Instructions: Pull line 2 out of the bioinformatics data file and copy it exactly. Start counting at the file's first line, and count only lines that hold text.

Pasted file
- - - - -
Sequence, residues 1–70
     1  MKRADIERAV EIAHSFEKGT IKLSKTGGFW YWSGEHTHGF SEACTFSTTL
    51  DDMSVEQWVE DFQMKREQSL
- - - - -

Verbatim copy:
     1  MKRADIERAV EIAHSFEKGT IKLSKTGGFW YWSGEHTHGF SEACTFSTTL